MTV's new series "Catfish" (premieres tonight at 11/10c) features real-life strangers who met online and fell in love. It's a concept the silver screen has explored for some time now, and, like we imagine the show's star and creator Nev will find--sometimes it works, and sometimes it doesn't. Either way, there's usually one hell of a story involved.
Below are seven fictional flicks that set the stage for "Catfish." Take a look at the list, and check out what the show's frontman had to say about the first episode below!
You've Got Mail -- Independent bookshop owner Kathleen (or "Shopgirl," as she's known online) starts an Internet flirtation with Joe (or "NY152"), who neglects to disclose that he runs a mega-chain book-selling conglomerate. While Kathleen engages in an IRL protest against Joe's corporate stronghold on the industry, she continues to develop a relationship with his online pseudonym. Ultimately, Kathleen's shop goes under, but she eventually comes to realize that Joe and his company aren't so bad after all. And when Shopgirl and NY152 finally agree to meet face-to-face, Joe and Kathleen begin the mushiest, gooiest real-life romance since "Jerry Maguire."
LOL -- We admit it: We weren't necessarily first in line for this film, but we appreciate that it speaks generally to the culture of online relationships. A girl named Lola (or Lol...) sorts through the complexities of young love when she realizes her best friend might be "the one." Unfortunately, her head is clouded by the buzz of online pressures to make things official, and she has to figure out for herself--in a world dominated by omnipresent screens--what's real and what isn't.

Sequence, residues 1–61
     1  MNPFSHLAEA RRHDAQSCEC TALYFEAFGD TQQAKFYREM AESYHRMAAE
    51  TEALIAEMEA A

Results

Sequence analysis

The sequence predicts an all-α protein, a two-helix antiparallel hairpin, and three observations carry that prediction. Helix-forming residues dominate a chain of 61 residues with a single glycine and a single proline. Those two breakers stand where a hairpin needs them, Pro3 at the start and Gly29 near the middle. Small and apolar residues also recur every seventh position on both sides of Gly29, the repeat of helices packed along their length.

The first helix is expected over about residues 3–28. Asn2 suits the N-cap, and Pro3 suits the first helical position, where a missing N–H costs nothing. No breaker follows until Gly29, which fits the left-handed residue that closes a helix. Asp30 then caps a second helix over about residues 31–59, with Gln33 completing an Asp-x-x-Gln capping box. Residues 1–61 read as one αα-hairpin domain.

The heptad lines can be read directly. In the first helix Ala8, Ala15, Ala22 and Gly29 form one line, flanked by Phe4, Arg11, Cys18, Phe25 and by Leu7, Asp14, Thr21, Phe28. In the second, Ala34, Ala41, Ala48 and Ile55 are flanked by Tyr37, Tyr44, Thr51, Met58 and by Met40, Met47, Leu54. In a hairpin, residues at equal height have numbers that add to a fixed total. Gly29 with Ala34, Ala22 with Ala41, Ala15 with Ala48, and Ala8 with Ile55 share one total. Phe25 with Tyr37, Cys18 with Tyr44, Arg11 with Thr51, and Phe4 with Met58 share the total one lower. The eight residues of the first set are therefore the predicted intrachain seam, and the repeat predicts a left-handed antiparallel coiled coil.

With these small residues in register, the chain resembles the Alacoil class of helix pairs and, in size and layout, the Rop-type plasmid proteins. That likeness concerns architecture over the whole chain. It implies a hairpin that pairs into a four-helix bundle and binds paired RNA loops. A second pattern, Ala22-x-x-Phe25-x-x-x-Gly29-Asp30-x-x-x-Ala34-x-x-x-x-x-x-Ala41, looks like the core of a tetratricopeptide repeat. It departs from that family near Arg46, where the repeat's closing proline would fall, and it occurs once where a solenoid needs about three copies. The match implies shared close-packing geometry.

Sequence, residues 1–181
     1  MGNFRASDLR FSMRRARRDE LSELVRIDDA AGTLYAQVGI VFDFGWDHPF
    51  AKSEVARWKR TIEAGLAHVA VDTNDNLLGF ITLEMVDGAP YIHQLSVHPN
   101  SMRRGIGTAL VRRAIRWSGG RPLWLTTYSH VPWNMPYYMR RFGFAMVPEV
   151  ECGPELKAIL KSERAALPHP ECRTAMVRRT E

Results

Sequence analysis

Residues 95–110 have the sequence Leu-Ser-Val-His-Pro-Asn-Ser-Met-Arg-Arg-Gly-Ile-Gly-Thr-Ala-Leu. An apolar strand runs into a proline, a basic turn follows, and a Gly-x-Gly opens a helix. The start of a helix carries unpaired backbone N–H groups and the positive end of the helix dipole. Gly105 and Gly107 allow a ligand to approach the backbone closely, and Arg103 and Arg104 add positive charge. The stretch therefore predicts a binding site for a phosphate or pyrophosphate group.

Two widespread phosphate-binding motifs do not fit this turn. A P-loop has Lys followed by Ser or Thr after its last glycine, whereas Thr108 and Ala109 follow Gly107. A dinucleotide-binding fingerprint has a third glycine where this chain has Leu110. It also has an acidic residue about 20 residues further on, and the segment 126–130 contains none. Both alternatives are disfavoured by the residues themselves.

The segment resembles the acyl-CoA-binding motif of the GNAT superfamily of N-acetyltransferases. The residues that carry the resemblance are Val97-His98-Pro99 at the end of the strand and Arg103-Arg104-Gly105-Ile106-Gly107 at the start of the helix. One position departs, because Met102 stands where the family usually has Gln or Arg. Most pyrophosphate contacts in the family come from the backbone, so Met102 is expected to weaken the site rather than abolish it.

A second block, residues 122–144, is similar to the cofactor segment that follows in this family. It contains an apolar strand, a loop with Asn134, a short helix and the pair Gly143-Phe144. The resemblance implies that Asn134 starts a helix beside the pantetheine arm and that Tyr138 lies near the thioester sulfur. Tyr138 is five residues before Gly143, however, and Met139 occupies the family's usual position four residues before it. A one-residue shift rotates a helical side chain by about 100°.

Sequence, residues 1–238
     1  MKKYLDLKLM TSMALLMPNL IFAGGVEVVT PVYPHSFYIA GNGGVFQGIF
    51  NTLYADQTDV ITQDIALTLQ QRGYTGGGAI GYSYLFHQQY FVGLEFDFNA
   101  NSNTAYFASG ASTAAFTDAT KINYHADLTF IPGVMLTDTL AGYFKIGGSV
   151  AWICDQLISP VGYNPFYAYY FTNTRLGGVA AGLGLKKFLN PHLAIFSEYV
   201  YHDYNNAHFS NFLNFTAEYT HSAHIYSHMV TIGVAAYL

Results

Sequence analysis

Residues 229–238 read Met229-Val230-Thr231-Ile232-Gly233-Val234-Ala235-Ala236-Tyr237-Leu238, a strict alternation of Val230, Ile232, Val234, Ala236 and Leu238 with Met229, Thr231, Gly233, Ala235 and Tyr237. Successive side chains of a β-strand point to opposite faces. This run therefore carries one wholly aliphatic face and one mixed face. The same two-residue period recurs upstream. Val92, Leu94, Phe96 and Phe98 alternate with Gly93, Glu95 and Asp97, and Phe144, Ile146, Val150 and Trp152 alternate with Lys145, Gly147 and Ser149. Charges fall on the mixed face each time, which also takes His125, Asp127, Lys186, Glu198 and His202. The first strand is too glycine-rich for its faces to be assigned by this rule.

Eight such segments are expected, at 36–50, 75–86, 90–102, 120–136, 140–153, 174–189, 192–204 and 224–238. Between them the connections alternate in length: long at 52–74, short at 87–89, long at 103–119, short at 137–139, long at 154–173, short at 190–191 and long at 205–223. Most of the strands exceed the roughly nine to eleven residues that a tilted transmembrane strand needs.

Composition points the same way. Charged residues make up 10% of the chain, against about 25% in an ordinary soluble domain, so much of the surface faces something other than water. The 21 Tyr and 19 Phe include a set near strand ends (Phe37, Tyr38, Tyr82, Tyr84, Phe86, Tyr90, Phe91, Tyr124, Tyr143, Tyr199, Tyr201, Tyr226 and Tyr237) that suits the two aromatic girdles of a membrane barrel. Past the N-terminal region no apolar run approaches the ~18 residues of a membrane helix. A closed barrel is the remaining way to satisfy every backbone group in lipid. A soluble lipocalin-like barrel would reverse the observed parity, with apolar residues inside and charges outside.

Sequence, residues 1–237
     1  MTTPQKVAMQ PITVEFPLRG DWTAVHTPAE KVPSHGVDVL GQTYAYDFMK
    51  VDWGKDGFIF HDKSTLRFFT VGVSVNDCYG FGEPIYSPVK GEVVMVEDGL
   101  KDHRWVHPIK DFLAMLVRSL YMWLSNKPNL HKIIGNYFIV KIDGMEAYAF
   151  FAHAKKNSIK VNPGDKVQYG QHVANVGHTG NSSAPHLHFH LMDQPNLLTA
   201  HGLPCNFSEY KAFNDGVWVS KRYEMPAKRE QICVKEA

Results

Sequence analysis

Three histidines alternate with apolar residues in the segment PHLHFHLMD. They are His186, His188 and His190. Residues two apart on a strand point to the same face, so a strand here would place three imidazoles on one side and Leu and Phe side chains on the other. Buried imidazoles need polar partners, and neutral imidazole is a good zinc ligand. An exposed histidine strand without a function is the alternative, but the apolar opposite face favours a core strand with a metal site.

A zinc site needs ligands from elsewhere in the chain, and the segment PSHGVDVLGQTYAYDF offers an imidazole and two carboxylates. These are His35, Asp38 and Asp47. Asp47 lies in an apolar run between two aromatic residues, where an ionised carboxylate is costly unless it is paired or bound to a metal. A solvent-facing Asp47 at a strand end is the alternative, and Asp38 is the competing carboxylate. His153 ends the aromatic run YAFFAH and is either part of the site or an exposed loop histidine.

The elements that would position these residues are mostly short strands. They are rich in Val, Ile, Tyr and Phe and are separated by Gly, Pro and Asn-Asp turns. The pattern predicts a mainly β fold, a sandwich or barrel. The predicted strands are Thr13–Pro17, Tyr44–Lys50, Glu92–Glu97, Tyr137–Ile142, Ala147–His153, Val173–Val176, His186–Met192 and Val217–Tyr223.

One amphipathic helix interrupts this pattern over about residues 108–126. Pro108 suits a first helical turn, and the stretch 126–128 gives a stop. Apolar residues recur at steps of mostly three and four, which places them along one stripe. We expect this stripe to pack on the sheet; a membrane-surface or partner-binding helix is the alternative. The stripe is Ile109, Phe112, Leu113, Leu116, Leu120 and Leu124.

Eurotrip -- After Scott gets dumped by his girlfriend during high school graduation, he turns to his online German pen pal, Mieke, for consolation. When Mieke gives the impression he's romantically interested, Scott backs off...until he finds out Mieke is actually a girl's name. Then he gets on the first flight to Europe to win her over. After some crazy hijinks across the pond, Scott professes his love for his online crush after kind of lighting the Vatican on fire (long story), and the two set off on a promising future as...college roommates?
He's Just Not That Into You -- Mary's tried every online dating site in the book, but the relentless back-and-forth between texts, emails and phone calls has left her completely exhausted and turned off by the whole scene. When she's ready to throw in the towel on true love, the ad sales exec meets Conor. Mary ends up learning that sometimes love can't be forced through a match-making machine, but genuinely pops up when one least expects it.
Napoleon Dynamite -- Napoleon's crush is safely confined to the high school hallways, but his older brother, Kip, keeps the Internet abuzz with his constant search for love online. When a tall, sassy woman named Lafawnduh Lucas catches his eye with her profile, he knows he must have her. The couple turns heads when Kip first invites Lafawnduh to town for a visit--but true love is true love--and Kip and Lafawnduh live happily ever after, cementing their relationship with a film-ending wedding in some cornfields. Romance!
Sleepless In Seattle -- OK, so it's not quite the same type of story, but in the days preceding online-reliance, radio was a much more prevalent means of connection. When Annie, who's engaged to a man she doesn't truly love, hears the pleas of young Chicago-boy Jonah (who's trying to find love for his widowed father, Sam, on a late-night broadcast), she melts over the sweet story, and follows the tale of Mr. "Sleepless in Seattle" for months to come. Jonah ultimately writes a letter to Annie, posing as Sam, where he suggests meeting atop the Empire State building. Jonah flees without telling his father, but Sam chases him to New York and the two finally meet in the apex of true rom-com fashion.
The Social Network -- When it comes to Facebook flirting or modern social networking in general, we can pretty much credit this film's story, which followed Harvard student Mark Zuckerberg's creation of the time-killing machine known as Facebook. What interestingly started as a way to rank coeds based on looks (and still serves as such to some) became a way to communicate with folks anywhere at any time. If you're a user (there's pretty much no chance you aren't) you should check it out. And don't forget to hit the "like" button when it's over.